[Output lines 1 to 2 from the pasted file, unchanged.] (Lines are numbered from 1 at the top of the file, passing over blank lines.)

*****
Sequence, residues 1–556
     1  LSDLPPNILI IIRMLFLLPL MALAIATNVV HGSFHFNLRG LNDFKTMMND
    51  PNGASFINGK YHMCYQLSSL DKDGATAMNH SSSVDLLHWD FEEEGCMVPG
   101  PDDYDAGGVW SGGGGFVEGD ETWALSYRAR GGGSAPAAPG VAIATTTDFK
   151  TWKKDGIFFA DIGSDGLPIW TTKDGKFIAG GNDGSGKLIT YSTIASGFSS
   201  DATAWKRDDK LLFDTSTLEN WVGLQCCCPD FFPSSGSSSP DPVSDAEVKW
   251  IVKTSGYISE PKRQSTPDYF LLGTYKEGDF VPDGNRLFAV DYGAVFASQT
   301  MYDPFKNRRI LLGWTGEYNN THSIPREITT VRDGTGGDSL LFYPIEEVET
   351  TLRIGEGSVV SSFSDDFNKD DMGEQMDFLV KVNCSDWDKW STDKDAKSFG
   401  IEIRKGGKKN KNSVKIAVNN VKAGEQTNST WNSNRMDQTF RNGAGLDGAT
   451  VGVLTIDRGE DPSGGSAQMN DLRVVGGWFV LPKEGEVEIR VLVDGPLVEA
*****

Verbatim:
Sequence, residues 1–556
     1  LSDLPPNILI IIRMLFLLPL MALAIATNVV HGSFHFNLRG LNDFKTMMND